Reply by BroDave

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Posted on Power Tool voltage\amp question (Bandsaw)

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107 posts in 3811 days

#1 posted 12-30-2007 06:38 PM

OK, here is the difference between 120 and 240 volts.

A cycle, displayed as “Hertz” on the motor name plate, is nothing more than frequency, as in how many times something occurs. In this case it is how many times the electrons flow from point A and return to point A.

Think of it like this;

The cycle we normally would think of as circular should be thought of as peaks and valleys.

On a single phase motor, 120 volts, the voltage starts in the valley, bottom, and climbs to the Peak, the top, then falls back down. What happens is that the motor must work harder to maintain the rated HP or work load at every step in the cycle except at the very top.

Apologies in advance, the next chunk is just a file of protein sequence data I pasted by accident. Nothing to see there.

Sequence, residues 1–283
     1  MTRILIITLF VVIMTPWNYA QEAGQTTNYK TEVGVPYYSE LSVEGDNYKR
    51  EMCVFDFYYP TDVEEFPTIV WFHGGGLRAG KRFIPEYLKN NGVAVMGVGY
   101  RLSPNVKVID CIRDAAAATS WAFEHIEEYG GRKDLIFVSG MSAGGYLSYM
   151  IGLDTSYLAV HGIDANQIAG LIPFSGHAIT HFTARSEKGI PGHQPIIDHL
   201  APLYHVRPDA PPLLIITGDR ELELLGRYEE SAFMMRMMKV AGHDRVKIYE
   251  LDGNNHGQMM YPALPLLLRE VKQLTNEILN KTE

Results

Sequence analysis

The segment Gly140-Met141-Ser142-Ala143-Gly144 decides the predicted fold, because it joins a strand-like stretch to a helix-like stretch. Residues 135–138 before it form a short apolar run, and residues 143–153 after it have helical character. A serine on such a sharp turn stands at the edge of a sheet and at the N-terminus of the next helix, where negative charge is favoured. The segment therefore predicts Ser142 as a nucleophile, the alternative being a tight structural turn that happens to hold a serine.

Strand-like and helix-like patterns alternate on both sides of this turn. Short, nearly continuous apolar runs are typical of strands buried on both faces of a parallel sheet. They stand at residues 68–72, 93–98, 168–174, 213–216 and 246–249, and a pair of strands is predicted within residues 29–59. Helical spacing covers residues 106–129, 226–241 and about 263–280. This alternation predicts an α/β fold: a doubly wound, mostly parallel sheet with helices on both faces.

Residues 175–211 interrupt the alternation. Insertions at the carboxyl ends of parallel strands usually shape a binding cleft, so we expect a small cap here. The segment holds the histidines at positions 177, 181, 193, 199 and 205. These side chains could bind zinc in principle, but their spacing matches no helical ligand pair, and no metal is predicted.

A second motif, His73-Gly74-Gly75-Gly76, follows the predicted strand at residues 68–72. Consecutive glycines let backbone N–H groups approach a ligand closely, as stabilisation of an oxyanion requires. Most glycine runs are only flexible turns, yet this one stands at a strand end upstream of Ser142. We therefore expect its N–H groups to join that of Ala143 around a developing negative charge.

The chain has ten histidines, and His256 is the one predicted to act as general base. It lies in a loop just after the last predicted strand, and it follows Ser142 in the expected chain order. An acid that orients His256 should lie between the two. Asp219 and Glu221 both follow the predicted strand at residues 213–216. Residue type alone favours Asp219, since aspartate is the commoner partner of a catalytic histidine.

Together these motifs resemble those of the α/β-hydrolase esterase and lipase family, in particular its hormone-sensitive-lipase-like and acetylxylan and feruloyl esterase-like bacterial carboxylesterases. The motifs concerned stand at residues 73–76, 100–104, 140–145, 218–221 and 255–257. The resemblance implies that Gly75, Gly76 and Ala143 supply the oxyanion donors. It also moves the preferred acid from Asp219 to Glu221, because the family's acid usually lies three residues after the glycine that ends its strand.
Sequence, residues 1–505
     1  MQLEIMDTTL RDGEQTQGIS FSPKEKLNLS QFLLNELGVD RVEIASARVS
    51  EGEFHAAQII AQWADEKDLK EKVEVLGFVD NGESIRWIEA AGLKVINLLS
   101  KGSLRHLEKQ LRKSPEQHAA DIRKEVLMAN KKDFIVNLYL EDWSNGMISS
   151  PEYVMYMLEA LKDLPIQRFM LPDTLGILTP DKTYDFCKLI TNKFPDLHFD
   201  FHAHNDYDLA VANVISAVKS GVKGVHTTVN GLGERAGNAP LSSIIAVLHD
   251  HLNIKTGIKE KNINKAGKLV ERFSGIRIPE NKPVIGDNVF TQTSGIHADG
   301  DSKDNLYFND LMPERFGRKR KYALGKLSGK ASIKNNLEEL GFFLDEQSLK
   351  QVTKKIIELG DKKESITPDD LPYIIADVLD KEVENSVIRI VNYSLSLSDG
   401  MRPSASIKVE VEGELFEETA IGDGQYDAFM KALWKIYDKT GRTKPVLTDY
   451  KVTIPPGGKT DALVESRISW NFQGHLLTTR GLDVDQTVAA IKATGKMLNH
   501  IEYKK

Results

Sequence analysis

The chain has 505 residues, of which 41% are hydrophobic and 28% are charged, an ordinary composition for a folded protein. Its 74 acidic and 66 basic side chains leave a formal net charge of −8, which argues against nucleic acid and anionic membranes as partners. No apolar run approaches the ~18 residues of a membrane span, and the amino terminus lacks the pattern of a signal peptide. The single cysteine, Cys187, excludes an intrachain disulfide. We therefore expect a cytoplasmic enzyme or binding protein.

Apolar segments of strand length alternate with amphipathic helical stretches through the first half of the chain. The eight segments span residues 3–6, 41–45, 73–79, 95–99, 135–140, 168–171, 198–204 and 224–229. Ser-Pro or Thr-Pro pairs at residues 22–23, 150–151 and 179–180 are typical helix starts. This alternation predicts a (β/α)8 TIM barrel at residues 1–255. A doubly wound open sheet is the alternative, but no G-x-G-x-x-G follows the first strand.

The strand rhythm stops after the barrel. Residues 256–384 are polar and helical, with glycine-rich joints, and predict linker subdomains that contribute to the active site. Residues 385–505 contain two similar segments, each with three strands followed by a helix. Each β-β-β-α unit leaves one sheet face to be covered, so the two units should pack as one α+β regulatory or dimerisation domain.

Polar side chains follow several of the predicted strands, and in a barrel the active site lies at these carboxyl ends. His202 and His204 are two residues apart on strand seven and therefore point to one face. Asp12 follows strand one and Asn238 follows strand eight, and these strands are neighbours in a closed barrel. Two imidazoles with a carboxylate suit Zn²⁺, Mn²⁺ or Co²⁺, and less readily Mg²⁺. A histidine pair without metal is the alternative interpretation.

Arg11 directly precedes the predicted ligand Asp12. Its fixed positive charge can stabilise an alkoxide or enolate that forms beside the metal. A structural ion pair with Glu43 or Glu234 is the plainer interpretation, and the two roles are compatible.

Now 240 volt motors are powered by two wires of 120 volts each, when checked to ground.
So what we have is two separate cycles or sets of peaks and valleys.
The result is that while one cycle is at the peak the other is in the valley. as the cycle continues they change places. This means that a 220 volt motor has to work half as hard as a 120 volt motor to do the same amount of work. In other words it is more efficient consumption wise and uses smaller wire and breaker size.
The cost of addition wire and breaker offset the power savings for a while but eventually you realize a savings.

I know that was a very simple but for those that don’t deal with this type of thing it should help.

For more details on the “peaks and valleys” you can check this.

You can also see more about motors here.

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